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U.S. Department of Education: Promoting Educational Excellence for all Americans

Due process request notices

Section 300.511(d) prohibits the party who requested the due process hearing from raising issues not raised in the due process request notice, unless the other party agrees. Under previous regulations, there was no prohibition on raising issues at due process hearings that were not raised in the due process notice.

By encouraging the party requesting the hearing to clearly identify and articulate issues sooner, the final regulations could generate actual savings by facilitating early resolution of disagreements through less costly means, such as mediation or resolution meetings. But early identification of issues could come at the cost of more extensive involvement of attorneys earlier in the process. At the same time, prohibiting the party requesting the hearing from raising new issues at the time of the hearing could result in additional complaints or protracted conflict and litigation. On balance, net costs or savings are not likely to be significant.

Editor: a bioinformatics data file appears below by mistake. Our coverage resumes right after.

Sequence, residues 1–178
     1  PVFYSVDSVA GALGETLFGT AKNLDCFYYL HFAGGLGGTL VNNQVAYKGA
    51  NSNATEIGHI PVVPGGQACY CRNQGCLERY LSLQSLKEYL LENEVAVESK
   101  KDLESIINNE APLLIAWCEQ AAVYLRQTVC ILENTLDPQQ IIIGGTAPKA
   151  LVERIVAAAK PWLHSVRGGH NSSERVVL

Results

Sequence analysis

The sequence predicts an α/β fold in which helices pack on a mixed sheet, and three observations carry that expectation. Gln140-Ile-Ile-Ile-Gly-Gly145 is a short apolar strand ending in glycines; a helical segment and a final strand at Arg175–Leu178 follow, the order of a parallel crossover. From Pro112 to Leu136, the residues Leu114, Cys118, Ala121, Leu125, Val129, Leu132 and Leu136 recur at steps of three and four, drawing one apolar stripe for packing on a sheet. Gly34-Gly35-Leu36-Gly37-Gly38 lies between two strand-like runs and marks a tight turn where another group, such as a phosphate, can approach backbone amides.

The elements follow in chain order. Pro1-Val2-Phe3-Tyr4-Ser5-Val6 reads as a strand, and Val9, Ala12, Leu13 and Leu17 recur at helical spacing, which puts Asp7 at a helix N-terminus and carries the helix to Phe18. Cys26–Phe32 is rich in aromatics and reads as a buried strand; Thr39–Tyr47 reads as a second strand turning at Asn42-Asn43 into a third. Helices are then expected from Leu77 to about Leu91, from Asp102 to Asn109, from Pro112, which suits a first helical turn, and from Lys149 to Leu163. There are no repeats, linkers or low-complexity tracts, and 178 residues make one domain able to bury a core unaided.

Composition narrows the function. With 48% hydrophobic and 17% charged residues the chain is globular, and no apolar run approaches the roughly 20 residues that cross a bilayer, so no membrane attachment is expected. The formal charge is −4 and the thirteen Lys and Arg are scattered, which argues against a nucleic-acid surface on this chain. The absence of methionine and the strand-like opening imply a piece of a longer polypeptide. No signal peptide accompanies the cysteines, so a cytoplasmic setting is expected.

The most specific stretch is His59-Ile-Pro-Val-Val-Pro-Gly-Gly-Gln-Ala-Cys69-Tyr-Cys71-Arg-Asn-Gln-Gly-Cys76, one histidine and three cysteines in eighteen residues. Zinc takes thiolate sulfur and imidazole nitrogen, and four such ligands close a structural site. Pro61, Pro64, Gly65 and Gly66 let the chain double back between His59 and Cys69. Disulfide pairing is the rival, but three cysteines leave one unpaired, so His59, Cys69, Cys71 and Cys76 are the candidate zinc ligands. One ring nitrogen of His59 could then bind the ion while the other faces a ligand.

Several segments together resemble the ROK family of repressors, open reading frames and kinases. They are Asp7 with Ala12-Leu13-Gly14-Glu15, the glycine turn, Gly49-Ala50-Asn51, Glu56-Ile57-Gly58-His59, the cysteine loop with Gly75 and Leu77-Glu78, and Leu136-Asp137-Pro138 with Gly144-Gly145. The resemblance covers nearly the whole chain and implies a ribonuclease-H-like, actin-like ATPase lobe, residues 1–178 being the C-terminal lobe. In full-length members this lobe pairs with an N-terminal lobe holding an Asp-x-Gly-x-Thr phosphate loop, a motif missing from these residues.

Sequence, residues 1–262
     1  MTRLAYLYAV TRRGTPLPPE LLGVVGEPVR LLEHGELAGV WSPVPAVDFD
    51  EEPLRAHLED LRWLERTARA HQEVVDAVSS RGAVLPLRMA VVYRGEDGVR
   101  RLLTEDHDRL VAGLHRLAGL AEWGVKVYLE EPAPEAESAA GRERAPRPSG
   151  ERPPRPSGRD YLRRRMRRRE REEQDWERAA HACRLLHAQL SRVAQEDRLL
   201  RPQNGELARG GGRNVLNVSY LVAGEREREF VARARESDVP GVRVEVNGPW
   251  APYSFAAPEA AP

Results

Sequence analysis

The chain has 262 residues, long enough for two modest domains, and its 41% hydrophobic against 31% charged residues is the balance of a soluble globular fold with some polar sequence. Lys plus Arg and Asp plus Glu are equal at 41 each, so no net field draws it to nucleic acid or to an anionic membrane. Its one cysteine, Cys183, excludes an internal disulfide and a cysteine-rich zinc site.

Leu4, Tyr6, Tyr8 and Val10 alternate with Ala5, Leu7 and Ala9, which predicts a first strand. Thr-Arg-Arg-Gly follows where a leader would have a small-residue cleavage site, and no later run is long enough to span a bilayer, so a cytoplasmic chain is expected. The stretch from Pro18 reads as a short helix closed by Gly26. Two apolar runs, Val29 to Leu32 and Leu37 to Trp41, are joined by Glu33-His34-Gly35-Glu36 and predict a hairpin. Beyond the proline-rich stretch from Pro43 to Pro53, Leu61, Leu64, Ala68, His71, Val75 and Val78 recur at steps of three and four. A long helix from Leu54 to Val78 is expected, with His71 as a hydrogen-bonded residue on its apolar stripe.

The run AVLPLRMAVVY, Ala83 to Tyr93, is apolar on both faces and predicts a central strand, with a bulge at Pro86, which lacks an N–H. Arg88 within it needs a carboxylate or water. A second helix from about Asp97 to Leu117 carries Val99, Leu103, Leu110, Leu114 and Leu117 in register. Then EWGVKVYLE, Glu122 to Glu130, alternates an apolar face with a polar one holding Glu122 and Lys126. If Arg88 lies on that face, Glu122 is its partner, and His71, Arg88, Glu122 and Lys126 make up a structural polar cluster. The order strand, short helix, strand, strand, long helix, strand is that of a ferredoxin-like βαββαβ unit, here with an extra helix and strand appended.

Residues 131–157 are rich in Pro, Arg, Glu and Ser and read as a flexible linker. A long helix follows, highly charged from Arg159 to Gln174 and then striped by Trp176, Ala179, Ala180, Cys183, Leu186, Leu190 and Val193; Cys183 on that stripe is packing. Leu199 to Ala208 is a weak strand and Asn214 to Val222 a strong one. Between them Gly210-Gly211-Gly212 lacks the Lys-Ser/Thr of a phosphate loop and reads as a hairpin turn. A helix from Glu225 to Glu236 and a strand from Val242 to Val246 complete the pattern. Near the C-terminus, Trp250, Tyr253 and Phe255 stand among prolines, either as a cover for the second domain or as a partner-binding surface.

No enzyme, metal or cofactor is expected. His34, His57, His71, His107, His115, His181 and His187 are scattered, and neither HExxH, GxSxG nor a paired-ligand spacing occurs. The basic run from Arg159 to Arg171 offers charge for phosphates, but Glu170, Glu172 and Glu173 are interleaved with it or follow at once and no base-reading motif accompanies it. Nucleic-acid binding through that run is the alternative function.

Using data from recent State data collections conducted by the Consortium for Appropriate Dispute Resolution in Special Education (CADRE), in which States reported receiving 12,914 requests for due process hearings during 2000-2001, we estimate that there will be approximately 14,059 requests in 2006-2007. Because some parties already hire attorneys or consult other resources such as advocates or parent training centers to develop the request for due process, the Department assumes that only a portion of the requests would be affected by this new requirement. Although we have no reliable data on average attorneys' fees in due process cases, for purposes of this analysis, the Department assumes an hourly rate of $300 as an upper limit. The Department further assumes that each instance in which a party chooses to hire an attorney sooner as a result of this change will involve no more than three additional hours of work. Even if we assume that parties requesting the hearing will incur this additional cost in the case of 8,000 of the expected requests for due process, the total costs would not be significant (less than $8 million), and could be outweighed by the benefits of early identification and resolution of issues. Although such benefits are largely unquantifiable, early identification and resolution of disputes would likely benefit all parties involved in disputes.